A forest ranger helicopter flies over a forest, scattering sensors that can relay temperature data to the ranger station. To ensure minimal environmental impact with maximum robustness, the sensors are very simple: they are basically tiny, sturdy thermometers. After the sensors are scattered, they might be moved further by winds, rains, rivers, or even animals. Is there a way to take the local information sent by the sensor network and turn it into global information about the existence and location of fires in the forest" In particular, without knowing the exact locations of the sensors, can one nevertheless glean information about the coverage area of the sensor network.
As sensor technology has exploded, such fundamental questions have come to the forefront in many areas. In particular, national security measures increasingly depend on sensor technology to detect, for example, radiological or biological hazards, hidden mines and munitions, or specific individuals in a crowd. Mathematics, especially the area of topology, provides a way of addressing such questions.
The January 2007 issue of the Notices of the AMS will carry the article "Homological Sensor Networks" by Vin de Silva and Robert Ghrist. The article describes new results by the authors, which demonstrate how homology theory provides fundamental insights useful in analyzing sensor networks.
Suppose you have a network of sensors, each with a unique ID, scattered around a two-dimensional domain D---for example, D could be a region of forest, an open field, or a portion of the ocean floor. The sensors have a "broadcast radius", within which they can detect the identity of any other sensor, and a "cover radius", within which the sensors perform their sensing tasks. You can think of each sensor as surrounded by a disk whose radius is the coverage radius. The union of these disks is the "sensor cover". A basic question is, Does the sensor cover contain D"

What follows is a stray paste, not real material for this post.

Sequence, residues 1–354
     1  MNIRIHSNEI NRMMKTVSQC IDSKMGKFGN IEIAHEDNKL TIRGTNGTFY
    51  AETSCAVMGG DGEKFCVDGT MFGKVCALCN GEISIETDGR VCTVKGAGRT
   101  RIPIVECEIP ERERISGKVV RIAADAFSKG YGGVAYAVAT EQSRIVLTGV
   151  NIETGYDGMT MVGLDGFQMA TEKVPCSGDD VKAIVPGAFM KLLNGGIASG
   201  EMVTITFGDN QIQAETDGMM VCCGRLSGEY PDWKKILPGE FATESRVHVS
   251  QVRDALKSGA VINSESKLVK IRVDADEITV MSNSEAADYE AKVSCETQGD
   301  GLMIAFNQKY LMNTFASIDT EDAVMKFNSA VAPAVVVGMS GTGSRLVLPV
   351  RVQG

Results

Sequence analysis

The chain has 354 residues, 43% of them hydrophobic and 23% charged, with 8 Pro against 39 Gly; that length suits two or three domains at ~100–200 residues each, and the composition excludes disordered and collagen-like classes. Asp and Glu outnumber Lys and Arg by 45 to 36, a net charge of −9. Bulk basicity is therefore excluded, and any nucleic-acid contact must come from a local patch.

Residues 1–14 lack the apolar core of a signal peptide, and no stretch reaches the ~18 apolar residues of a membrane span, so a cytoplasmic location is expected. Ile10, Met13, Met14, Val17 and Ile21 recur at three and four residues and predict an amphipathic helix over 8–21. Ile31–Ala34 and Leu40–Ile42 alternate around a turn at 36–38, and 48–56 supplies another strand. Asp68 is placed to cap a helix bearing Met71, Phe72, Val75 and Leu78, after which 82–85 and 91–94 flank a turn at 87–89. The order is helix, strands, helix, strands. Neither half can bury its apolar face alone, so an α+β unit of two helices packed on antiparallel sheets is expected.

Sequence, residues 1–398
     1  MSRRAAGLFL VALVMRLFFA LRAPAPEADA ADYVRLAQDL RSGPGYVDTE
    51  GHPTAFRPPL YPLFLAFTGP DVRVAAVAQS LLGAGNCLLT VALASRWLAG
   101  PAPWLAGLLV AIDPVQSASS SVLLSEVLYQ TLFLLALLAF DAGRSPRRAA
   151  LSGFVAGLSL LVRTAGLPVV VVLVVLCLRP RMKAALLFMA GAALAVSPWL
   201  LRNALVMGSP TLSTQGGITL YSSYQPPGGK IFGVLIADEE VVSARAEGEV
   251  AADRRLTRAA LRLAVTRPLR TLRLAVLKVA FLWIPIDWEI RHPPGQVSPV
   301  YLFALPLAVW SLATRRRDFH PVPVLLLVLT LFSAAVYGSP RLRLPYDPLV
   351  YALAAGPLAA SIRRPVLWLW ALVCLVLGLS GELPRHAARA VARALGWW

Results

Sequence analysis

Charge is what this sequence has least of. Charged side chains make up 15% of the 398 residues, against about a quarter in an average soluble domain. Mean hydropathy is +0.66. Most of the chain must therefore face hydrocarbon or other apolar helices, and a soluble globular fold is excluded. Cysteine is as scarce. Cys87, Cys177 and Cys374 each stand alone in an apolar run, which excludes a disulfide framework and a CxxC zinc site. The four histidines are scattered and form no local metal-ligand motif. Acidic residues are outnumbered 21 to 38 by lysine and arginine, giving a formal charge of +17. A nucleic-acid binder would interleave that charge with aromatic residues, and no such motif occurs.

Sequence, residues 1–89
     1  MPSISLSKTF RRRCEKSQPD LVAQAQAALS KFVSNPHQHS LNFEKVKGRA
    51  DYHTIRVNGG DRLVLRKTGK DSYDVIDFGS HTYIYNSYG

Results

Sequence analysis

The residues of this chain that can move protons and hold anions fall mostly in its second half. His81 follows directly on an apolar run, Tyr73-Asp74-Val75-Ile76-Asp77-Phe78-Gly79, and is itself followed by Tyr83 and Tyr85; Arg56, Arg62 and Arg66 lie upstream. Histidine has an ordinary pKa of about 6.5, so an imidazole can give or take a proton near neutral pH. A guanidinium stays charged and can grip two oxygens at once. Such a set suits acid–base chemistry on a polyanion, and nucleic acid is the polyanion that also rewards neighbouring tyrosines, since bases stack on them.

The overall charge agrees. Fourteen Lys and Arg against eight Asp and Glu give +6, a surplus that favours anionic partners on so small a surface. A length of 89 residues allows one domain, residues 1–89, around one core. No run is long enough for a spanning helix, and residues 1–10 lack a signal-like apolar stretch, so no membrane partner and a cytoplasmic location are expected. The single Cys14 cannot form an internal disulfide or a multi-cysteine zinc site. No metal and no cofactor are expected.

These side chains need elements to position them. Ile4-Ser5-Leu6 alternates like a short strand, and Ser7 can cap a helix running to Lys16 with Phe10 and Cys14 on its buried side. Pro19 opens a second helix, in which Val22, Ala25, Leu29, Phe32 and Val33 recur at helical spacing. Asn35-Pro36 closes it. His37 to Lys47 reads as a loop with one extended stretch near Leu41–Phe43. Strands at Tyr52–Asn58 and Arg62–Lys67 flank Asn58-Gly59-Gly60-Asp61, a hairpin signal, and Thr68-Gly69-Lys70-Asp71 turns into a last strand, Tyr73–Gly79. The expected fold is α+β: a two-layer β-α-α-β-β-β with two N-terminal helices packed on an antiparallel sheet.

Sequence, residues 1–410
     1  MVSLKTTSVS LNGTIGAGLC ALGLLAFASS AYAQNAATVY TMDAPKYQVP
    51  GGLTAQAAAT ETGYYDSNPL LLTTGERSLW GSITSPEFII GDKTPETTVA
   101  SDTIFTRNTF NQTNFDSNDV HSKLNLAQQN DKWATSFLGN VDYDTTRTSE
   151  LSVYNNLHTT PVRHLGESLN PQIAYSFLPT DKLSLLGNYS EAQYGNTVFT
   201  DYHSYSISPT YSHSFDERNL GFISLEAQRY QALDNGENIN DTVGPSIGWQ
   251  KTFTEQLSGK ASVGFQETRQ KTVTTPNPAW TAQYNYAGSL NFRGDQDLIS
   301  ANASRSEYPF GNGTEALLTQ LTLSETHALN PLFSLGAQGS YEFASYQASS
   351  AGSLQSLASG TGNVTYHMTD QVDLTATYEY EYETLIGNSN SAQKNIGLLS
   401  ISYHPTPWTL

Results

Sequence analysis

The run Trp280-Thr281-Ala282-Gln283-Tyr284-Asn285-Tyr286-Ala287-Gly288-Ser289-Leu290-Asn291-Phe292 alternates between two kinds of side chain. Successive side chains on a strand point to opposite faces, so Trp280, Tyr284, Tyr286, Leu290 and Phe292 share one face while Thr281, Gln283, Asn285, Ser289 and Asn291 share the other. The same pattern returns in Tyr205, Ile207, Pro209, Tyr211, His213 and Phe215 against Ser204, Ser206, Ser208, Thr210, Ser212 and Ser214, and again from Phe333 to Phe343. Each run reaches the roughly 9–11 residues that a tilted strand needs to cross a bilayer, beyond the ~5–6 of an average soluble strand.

Topology, which is the study of shapes, is well suited to attacking this question. In particular, homology theory provides a way of detecting whether shapes contain holes. De Silva and Ghrist were able to use homology theory to pinpoint some simple topological conditions that, if met by the sensor network, guarantee that the sensor cover contains the whole domain D without holes. What is striking about this result is that it provides information about the sensor cover without requiring knowledge of the exact locations of the sensors. Only the broadcast and cover radii are needed.
De Silva and Ghrist also adapted the above result to networks where the sensors are going on- and off-line periodically, so that holes open up and close in the sensor cover. Can an "evader" move through the sensor network, taking advantages of holes that open up in order to slip through undetected" The authors present topological conditions on the sensor network that guarantee that the evader will be caught, regardless of the evader's speed or cunning.
"It seems counterintuitive that one can provide rigorous answers for a network with neither localization capabilities nor distance measurements," the authors remark. "A topologist is not surprised that such coarse data can be integrated into a global picture. Some engineers are." De Silva and Ghrist call for mathematicians and engineers to collaborate on the design of effective sensor networks.
Ghrist is building such collaborations as a lead investigator for a research project called SToMP, short for "Sensor Topology & Minimal Planning." Funded by the Defense Advanced Research Projects Agency (DARPA), the $7.98 million project will run over four years. SToMP will support research at Ghrist's home institution, the University of Illinois at Urbana-Champaign, as well as at Bell Labs/Lucent, Arizona State University, Rochester University, Carnegie-Mellon University, Melbourne University, the University of Pennsylvania, and the University of Chicago.
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